Nguyen Nhu Huy reveals that the artwork functions as a ritualistic space. Specula consists of a corridor with a curved apse, lit through frosted glass from beneath. The entire interior of the architectural space is painted in lacquer, which stands in sharp contrast with the industrial iron frame exterior. As the viewers move through the passageway, they can see how their own shadows and movements are reflected on the lacquer panels.

UuDam Tran Nguyen, 'Waltz of the Machine Equestrians – The Machine Equestrians', 2012, single channel video, duration 3 min., artist collection. Image courtesy the artist.

UuDam Tran Nguyen, ‘Waltz of the Machine Equestrians – The Machine Equestrians’, 2012, single channel video, duration 3 min., artist collection. Image courtesy the artist.

Reflecting on the lack of international recognition of Vietnamese contemporary art, Nguyen Nhu Huy says, “Contrary to what some may believe, I don’t think Vietnamese contemporary artists are weak in terms of art-making.”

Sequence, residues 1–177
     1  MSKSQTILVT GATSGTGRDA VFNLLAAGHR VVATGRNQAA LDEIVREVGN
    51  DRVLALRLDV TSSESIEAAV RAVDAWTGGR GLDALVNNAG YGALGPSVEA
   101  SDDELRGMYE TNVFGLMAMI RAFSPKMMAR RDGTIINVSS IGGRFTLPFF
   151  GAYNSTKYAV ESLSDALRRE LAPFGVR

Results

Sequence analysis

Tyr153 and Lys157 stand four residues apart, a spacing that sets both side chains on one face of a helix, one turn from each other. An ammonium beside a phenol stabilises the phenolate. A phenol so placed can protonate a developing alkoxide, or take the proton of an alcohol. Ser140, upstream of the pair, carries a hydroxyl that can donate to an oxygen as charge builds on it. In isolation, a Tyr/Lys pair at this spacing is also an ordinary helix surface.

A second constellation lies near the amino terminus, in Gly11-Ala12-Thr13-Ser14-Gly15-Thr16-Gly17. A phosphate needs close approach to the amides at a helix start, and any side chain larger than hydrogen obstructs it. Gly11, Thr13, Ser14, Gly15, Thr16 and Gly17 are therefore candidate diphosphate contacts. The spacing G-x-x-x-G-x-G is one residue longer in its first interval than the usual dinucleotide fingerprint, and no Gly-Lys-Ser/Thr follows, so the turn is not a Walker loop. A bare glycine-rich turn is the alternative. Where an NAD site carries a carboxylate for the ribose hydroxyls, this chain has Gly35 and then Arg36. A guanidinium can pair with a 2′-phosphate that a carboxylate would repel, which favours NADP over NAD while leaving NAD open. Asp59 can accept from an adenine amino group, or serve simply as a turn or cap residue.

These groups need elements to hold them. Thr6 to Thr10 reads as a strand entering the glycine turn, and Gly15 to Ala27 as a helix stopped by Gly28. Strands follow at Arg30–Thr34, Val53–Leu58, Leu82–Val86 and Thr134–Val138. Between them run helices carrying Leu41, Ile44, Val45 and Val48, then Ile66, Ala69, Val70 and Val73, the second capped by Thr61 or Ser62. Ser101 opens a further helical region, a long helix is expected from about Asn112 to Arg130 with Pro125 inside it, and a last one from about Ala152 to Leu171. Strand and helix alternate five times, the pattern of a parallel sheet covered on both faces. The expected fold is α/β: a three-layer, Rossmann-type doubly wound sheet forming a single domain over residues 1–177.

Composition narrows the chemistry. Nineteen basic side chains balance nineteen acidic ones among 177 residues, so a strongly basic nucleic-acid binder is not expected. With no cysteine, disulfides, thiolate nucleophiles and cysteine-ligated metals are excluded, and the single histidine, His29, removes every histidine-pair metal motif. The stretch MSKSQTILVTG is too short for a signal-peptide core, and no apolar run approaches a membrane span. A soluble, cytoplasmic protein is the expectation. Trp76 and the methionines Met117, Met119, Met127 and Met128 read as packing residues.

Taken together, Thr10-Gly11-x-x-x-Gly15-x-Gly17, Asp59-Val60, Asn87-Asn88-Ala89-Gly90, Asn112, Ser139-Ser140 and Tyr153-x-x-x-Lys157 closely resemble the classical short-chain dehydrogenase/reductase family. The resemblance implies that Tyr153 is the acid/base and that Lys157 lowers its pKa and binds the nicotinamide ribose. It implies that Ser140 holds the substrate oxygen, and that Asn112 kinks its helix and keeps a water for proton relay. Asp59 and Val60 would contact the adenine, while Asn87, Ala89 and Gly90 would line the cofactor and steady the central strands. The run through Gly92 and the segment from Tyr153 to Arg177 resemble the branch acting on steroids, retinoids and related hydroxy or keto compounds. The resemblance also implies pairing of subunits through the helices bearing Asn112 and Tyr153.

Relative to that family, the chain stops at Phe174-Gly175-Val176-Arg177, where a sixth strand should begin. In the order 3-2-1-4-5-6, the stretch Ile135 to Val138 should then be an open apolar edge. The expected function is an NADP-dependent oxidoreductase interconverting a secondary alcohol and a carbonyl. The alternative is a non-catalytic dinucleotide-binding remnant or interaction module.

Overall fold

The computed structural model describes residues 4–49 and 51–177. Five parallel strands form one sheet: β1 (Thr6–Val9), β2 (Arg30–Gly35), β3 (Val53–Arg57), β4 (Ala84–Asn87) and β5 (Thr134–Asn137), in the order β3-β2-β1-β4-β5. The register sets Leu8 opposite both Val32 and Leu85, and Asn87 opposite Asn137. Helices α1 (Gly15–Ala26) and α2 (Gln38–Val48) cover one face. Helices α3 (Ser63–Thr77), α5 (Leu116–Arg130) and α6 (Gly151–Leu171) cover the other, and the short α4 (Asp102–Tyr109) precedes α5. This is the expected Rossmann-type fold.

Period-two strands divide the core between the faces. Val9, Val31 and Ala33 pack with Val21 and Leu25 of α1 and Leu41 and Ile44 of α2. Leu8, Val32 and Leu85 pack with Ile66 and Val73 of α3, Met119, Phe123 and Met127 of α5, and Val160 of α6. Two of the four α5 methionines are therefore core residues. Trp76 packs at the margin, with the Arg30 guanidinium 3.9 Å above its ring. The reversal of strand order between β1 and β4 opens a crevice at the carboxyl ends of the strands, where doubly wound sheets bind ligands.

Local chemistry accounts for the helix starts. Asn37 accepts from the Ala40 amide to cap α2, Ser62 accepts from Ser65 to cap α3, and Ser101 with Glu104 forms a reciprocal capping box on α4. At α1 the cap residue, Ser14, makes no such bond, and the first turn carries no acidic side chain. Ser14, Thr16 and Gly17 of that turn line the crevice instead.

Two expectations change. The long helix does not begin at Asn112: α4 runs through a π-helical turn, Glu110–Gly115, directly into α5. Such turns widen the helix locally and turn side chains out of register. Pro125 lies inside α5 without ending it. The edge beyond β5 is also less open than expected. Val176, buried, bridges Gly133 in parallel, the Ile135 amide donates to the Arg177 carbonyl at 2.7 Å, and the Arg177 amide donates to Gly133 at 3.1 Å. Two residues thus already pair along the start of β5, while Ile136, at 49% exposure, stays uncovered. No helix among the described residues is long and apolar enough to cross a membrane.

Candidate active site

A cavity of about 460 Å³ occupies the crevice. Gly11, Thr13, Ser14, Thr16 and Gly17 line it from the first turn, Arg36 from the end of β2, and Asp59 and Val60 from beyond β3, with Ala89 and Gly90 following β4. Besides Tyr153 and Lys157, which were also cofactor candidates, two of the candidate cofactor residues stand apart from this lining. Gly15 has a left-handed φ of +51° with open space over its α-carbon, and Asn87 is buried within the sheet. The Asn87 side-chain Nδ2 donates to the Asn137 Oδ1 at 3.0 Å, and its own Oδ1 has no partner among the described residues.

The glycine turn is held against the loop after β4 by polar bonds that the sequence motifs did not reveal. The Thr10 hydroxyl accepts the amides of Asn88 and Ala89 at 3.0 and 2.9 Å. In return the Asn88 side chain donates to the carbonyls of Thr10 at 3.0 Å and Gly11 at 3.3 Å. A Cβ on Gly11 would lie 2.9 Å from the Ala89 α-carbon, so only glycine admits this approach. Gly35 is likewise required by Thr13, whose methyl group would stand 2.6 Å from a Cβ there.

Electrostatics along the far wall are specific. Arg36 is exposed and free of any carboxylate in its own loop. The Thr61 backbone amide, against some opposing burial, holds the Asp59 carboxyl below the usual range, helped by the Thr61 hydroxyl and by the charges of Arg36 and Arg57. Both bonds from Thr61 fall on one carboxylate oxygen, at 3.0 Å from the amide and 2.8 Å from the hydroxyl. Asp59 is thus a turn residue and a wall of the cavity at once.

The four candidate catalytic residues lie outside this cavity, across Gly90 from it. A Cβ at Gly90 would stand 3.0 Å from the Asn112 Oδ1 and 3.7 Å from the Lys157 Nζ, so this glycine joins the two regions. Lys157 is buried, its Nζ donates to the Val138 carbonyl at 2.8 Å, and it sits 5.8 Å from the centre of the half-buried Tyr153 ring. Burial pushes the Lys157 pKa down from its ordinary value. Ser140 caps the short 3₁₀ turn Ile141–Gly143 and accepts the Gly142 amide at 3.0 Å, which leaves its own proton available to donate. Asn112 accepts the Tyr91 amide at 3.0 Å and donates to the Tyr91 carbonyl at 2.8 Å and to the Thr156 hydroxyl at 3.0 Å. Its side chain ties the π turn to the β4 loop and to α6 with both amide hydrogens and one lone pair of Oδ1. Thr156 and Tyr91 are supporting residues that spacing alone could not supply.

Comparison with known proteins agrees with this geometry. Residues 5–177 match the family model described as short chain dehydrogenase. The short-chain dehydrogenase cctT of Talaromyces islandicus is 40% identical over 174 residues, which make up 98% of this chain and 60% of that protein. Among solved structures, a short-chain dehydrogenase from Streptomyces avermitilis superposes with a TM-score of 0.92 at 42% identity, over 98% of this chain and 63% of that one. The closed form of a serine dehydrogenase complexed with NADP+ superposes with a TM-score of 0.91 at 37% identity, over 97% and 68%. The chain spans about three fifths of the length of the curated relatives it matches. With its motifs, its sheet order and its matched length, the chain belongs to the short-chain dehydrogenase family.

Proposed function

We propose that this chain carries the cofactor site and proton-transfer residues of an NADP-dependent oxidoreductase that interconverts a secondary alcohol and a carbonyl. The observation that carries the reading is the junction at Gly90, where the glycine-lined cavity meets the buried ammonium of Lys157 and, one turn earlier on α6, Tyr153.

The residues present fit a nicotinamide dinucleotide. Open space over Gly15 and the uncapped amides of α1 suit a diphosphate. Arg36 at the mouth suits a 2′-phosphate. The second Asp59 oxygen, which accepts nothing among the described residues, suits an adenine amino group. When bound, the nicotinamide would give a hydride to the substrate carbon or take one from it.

He argues that many Vietnamese contemporary artists are in fact amongst the very best in Asia in terms of their audaciousness, but what they lack is knowledge of the art world in terms of how it functions. This lack of understanding, in his opinion, is the main obstacle for Vietnamese artists wanting to break into the international art scene.

“For Vietnamese artists to succeed internationally, they need to tell their own stories,” he says.

Other Vietnamese artists being showcased at this year’s Biennale include:

 Yvonne Wang

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Related Topics: Vietnamese art, biennales, interviews, curatorial practice, events in Singapore